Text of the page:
1930s Childhood Christmas

Tiffany TuellDecember 20, 2012 

With Christmas just a few days away, stores are crowded with people trying to find the perfect gift for friends, family or that special person in their life. Wrapping paper covers the table and gifts pile up under the tree. But for a couple seniors, they reminisce on a simpler time when even one present and fellowship with friends was more than enough to fulfill all their Christmas wishes.

Doris Ward, 85, was born in 1927 and grew up on a Saskatchewan wheat farm that also had horses and cattle.

She was the third of four sisters -- being the little princess until the age of 10 when her little sister was born. It was a time when walking 1 1/2 miles each way to a one room school with nine grades was normal during both the summer and winter.

"I remember that we were quite poor, everyone was because it was The Great Depression, but we were always happy and had lots to eat," Ward said.

Instead of gathering around the television for a Christmas special, Ward's family gathered around the radio to listen to Christmas programs. Instead of going to the local shopping mall, everything was ordered out of a catalogue.

"Christmas was big for me," Ward said. "I just about wore that catalogue out because we could pick one present. I remember getting a doll and thought it was the most marvelous thing in the world."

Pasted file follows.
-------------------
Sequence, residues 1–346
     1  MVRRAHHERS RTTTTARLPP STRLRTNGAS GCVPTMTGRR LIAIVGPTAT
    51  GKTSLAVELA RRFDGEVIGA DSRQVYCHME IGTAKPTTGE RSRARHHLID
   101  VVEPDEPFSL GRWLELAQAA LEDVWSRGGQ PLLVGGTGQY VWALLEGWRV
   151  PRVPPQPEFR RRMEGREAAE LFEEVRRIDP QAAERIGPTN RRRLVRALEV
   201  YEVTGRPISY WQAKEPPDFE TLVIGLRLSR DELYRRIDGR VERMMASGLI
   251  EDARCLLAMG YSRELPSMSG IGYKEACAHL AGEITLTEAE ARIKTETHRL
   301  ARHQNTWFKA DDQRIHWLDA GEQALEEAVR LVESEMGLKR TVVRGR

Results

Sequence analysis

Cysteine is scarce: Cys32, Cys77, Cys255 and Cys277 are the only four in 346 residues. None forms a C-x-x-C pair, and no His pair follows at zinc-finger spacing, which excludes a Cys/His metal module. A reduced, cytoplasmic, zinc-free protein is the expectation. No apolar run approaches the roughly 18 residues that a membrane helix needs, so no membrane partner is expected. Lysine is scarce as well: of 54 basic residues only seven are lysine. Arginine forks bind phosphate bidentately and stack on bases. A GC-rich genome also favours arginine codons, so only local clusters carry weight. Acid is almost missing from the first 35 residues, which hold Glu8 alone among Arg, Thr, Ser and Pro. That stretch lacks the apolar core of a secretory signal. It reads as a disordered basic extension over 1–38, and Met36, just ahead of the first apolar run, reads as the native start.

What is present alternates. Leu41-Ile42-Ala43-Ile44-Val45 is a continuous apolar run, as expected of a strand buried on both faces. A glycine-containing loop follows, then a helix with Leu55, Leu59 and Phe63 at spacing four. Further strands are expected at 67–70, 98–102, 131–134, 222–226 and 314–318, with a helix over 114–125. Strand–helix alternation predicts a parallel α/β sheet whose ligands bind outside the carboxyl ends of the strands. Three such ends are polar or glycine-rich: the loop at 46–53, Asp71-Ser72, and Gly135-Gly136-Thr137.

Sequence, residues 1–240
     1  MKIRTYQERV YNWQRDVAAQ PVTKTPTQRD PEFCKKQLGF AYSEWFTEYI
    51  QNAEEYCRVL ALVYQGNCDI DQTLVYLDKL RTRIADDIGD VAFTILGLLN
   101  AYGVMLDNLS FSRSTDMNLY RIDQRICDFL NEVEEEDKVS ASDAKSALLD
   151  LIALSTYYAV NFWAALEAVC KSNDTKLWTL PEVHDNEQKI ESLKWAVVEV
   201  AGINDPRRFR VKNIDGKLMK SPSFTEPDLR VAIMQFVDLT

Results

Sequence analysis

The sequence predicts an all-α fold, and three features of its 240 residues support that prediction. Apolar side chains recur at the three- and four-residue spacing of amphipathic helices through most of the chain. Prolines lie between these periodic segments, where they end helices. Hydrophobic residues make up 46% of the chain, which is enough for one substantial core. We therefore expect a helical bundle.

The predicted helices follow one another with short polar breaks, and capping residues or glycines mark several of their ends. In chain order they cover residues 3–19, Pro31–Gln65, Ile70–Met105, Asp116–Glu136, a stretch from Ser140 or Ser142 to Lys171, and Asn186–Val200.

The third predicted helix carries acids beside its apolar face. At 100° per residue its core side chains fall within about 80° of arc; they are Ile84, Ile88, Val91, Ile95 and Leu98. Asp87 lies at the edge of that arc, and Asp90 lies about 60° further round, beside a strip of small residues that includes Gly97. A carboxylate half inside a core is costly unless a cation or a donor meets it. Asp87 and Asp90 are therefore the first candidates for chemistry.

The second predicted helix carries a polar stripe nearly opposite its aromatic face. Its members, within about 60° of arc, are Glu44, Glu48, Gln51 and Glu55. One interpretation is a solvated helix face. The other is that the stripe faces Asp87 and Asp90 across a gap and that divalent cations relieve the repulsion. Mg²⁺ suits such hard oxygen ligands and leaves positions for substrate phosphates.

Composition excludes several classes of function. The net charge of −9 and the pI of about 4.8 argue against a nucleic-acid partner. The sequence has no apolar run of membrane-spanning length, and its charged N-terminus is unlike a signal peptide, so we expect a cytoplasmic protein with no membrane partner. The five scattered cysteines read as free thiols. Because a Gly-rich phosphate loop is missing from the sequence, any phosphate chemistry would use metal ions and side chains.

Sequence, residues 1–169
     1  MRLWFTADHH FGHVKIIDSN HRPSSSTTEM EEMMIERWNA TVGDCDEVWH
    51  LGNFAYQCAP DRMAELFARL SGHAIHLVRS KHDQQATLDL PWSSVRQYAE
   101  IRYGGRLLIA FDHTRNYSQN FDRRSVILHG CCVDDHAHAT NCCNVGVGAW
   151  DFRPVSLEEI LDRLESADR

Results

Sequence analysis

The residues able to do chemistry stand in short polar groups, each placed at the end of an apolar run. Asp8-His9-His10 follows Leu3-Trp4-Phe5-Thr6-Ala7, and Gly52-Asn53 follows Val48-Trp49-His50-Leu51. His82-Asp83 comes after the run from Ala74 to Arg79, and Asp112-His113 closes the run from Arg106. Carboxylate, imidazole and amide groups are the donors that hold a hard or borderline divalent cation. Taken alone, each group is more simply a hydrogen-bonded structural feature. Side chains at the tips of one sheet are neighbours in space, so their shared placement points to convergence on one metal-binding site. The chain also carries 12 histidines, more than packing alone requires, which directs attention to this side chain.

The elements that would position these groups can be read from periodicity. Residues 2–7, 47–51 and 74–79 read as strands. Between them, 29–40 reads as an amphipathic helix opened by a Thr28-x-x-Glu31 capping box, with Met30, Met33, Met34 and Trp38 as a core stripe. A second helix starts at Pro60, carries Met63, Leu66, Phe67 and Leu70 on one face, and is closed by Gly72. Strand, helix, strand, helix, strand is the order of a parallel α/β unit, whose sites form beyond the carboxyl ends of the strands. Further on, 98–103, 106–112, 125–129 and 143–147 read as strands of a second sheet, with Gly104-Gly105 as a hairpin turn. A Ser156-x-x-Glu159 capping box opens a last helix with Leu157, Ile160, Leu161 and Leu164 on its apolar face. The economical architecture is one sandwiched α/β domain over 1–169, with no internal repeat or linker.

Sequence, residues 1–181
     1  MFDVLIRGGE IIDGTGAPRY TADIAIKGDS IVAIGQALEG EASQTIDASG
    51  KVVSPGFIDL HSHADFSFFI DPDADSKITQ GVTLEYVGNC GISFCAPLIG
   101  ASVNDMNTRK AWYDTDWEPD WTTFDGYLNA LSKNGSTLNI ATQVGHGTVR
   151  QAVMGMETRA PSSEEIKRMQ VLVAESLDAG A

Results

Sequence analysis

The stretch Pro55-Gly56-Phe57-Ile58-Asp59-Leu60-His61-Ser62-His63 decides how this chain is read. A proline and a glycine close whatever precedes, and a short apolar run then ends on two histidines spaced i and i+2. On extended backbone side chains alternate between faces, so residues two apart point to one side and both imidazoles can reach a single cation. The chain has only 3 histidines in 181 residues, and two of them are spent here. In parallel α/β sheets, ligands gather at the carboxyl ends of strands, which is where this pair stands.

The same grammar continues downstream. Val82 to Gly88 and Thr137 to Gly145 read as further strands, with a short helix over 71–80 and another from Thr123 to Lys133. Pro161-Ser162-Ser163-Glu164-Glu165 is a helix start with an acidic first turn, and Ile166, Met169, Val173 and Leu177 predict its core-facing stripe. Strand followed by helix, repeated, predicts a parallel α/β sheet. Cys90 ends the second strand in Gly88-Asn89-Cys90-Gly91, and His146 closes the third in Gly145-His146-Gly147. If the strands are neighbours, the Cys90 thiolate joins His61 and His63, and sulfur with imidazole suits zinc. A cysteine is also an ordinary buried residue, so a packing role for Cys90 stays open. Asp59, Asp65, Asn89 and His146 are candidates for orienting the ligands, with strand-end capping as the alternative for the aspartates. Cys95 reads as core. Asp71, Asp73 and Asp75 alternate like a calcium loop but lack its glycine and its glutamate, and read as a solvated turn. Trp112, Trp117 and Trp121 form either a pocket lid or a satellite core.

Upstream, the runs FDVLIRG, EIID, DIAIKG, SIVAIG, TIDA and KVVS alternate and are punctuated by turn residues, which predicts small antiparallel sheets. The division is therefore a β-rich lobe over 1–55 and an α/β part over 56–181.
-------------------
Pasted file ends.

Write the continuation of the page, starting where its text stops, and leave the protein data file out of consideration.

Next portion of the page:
On Christmas Eve Ward would set out cookies for Santa but never stayed up to watch for him because she wanted to make sure she got her present on Christmas morning.

"I was very excited on Christmas morning," Ward said. "Christmas Day was wonderful. Mom would get up early and put the turkey in the wood and coal oven and the turkey would always smell so good."

Ward didn't escape the day without a little work, though, and remembers peeling mountains of potatoes.

"I think it was just a special time because people were so mellow and when I see what happens today, it really saddens me," Ward said, adding

Gloria McKee, 84, was born in Dayton, Ohio in 1928 to Herb and Betty Byrd.

Because her father was in show business and owned theatres, McKee said she grew up backstage with the chorus girls. Sometimes they would even take her on stage much to her parents chagrin but McKee loved it.

At night when her father would close the theatre, he had a big German Shepherd dog named Vogel that would carry the money pouch in its mouth so her father never had to worry about being robbed.

Christmas was always a big, festive affair in the Byrd's home. McKee says her mother loved Christmas and her parents were always very generous.

"Mother loved Christmas and so did Daddy," McKee said. "They were very close and very in love."

McKee fondly remembers festive decorations throughout her home, company and especially her favorite -- big bowls of eggnog.

Christmas was a little different in the 1930s than it is now according to McKee.

"In those days, everyone had a fresh tree they cut down and most of the stuff was handmade," McKee said. "You either ordered it from Monkey Ward (Montgomery Ward) or you made something, gave candy or jelly."

But for McKee the best present of all are the childhood memories her parents were able give her growing up in show business.

"It was wonderful," McKee said. "To this day I still love show business."

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